PERSPECTIVE: Shield your brand from imposters - before it’s too late

Although we did not dwell on it at great length, last week’s Campaign contained a fascinating news story with important implications for media owners, particularly of print titles.

Although we did not dwell on it at great length, last week’s

Campaign contained a fascinating news story with important implications

for media owners, particularly of print titles.



The story in question concerned a sister Haymarket title, the very

wonderful FourFourTwo (but it could have been about any other title

since the point is the same) which had successfully gone to court to

prevent an alcoholic drinks manufacturer, 21st Century Drinks, owners of

that well-known alcopop Jammin’ (formerly known as Tilt but changed

after Coca-Cola, the owner of Lilt, objected), from launching a beer of

the same name. It won the passing-off action on the grounds that readers

were likely to be ’confused or deceived’ (the judge’s words) into

linking the beer with the magazine, even though the plan was to write

the name out numerically as 442. Of itself, as I can testify having had

the privilege of reading some of the court documents, the case produced

some hilarious moments, such as discussions about team formation

terminology and the difference between 4-4-2 and the Christmas tree.



But the real point about the judgment and, therefore, this column, is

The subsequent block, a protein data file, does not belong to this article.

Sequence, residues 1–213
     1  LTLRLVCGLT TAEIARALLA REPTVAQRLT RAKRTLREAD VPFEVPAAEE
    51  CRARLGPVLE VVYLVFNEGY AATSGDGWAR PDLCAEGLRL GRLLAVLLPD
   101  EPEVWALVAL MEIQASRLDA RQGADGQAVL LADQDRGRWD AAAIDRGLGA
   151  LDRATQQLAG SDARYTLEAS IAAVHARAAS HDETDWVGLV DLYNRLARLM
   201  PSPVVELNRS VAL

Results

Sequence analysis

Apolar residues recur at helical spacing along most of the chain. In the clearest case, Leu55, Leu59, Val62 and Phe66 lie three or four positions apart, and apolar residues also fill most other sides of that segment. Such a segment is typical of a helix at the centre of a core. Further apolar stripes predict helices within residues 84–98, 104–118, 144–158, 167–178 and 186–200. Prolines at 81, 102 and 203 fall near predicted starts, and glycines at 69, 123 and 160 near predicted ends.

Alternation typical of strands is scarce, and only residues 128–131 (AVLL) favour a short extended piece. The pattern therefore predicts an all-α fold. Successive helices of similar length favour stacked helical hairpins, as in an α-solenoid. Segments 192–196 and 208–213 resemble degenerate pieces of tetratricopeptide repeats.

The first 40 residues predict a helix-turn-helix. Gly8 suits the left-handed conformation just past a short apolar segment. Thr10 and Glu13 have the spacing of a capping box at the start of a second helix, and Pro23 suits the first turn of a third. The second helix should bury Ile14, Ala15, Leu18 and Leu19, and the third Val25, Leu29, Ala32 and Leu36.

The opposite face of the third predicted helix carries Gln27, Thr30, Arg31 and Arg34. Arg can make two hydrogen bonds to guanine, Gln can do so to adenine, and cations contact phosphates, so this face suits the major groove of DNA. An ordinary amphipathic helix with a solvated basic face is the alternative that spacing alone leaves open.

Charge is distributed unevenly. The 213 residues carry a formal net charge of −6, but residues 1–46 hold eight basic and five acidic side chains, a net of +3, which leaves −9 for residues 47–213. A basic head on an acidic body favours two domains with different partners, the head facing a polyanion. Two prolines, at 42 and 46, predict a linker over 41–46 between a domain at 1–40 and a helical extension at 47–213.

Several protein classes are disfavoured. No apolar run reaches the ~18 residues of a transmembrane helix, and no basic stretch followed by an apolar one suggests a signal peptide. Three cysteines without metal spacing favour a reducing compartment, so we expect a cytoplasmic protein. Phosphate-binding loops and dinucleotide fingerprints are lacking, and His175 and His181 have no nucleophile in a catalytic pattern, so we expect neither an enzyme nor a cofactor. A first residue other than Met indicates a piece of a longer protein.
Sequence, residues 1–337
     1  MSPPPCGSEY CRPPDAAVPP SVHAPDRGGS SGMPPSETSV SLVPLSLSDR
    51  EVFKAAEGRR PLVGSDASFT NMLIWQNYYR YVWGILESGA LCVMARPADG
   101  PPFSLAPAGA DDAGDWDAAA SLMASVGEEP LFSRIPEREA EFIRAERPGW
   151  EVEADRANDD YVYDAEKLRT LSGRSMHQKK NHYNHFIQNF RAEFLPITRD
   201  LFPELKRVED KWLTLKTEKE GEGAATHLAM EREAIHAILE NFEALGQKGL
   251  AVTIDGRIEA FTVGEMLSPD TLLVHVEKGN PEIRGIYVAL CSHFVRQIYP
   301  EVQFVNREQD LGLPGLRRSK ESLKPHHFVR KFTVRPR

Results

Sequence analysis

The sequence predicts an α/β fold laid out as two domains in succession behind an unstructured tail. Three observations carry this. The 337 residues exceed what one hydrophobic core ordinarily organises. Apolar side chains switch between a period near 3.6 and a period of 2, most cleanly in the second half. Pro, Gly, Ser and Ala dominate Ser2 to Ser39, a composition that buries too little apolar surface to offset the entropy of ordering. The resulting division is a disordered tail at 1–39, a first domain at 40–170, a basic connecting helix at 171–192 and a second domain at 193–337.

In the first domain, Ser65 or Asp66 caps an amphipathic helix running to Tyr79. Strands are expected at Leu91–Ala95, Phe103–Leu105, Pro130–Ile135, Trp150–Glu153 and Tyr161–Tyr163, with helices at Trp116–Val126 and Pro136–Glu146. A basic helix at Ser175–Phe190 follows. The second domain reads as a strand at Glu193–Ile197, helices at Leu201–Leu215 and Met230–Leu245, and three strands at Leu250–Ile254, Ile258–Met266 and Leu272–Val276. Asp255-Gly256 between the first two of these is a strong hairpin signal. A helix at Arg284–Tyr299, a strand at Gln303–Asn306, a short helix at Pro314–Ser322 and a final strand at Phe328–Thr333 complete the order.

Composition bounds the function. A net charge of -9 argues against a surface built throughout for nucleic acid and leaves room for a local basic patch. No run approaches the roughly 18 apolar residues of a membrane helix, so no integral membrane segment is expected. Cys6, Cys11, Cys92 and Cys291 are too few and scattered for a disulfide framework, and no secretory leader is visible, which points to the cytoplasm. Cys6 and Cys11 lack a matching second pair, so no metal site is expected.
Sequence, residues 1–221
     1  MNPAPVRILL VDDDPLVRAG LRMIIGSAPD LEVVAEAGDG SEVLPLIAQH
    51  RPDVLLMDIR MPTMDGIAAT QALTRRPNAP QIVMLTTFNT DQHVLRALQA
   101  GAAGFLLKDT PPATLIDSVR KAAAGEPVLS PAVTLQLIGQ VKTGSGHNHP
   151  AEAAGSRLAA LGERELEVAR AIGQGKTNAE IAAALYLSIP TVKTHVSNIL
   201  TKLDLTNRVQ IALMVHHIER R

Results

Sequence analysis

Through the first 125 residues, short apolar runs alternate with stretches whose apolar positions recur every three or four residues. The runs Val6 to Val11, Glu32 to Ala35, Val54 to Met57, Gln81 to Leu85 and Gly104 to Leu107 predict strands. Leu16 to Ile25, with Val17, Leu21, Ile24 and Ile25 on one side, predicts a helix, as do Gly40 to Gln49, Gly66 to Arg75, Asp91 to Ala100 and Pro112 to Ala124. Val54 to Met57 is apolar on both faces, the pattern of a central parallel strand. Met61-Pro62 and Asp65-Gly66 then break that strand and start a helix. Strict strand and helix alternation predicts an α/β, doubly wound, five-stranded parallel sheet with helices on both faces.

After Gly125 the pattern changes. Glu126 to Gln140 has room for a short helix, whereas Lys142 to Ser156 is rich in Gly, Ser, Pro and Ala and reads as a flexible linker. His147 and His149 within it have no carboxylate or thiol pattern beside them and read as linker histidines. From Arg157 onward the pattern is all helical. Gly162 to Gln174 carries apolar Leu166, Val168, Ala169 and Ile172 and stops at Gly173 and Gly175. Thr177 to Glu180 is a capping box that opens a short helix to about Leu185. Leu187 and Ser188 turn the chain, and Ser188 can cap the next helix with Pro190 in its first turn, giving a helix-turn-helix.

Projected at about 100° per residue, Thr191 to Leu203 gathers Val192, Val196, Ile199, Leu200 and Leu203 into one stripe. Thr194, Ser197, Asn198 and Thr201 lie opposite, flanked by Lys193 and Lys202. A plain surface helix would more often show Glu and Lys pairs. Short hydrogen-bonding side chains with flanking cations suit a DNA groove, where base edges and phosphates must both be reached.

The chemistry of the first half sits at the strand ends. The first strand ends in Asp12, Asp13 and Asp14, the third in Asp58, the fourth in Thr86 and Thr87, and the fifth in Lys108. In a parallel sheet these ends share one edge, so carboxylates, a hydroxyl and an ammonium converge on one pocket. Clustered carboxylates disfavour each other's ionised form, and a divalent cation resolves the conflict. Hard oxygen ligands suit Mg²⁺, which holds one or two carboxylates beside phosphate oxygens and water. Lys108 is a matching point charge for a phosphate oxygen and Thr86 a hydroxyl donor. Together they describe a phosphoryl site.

that it cuts to the heart of the issue about the creation of media

brands. This is something all media owners talk fondly about - even here

at Hammersmith Towers - although for some it is more a matter of wishful

thinking than actuality. Naturally, once you have created a media brand,

logic dictates that you then move into the area of brand extensions -

whether directly as in other media vehicles, or laterally as in other

products. One of the best examples of this is Cosmopolitan, which has

both spin-off print brand extensions in the form of Zest and books, as

well as non-print brand extensions into CDs, games, spectacle frames

and, coming to a supermarket near you, low-fat chocolate bars and health

drinks.



This, however, is where media owners with brand-status titles

potentially get into areas of difficulty. The more a title becomes a

brand, the greater the chance other parties might seek to ’borrow’ its

brand equity. The risk is therefore damage to the brand itself, but it

also inhibits its possible expansion into other areas.



For example, the Financial Times suffered this (and lost the case) with

the Evening Standard’s decision to ’pinkify’ its business section. The

FourFourTwo case is an example of the wider problems. For not only would

442 the drink have created problems with the magazine’s existing

advertising and other co-branding activities relationships with drinks

companies, but it would also have ruled out the possibility of the

magazine launching its own beer brand extension.



Clearly, the circumstances are going to be different for each media

owner, but there is a common lesson: safeguard your titles’ brand values

as zealously as Coca-Cola and Nike do theirs. Otherwise somebody could

destroy your reputation for you.



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